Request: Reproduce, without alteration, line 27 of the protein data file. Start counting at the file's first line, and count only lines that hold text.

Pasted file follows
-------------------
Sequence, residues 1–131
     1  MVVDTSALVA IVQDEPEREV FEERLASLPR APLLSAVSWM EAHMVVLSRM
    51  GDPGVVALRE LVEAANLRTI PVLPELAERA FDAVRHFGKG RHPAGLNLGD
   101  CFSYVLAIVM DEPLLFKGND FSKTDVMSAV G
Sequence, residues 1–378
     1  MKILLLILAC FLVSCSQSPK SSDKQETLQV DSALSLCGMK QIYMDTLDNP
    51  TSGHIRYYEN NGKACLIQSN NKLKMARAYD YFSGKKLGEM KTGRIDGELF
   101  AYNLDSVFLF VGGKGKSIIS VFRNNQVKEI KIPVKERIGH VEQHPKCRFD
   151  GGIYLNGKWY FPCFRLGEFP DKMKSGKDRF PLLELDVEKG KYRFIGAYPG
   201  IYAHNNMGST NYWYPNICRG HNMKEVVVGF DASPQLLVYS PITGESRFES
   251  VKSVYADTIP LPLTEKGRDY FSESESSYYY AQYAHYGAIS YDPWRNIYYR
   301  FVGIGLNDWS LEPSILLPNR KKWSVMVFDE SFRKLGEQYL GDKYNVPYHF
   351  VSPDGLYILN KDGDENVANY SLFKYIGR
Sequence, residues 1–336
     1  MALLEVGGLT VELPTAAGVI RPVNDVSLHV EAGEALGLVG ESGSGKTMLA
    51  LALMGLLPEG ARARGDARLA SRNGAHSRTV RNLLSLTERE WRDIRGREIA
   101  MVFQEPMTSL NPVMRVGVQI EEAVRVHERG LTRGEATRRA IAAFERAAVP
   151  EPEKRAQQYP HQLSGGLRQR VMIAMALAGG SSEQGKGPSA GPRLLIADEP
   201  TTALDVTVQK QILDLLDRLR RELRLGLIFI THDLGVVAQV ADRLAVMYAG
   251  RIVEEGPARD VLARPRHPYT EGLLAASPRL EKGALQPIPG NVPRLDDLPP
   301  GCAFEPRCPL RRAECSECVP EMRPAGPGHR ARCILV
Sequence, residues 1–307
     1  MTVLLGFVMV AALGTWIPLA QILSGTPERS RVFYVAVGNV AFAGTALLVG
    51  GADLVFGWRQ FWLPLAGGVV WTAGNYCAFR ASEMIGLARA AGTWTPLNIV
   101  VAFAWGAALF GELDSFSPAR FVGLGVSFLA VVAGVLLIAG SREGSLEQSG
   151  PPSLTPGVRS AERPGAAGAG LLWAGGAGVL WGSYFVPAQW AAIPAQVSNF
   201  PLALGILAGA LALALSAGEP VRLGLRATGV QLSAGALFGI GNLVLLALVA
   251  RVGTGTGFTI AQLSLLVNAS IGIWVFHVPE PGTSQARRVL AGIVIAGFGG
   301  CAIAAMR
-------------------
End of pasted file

   201  PLALGILAGA LALALSAGEP VRLGLRATGV QLSAGALFGI GNLVLLALVA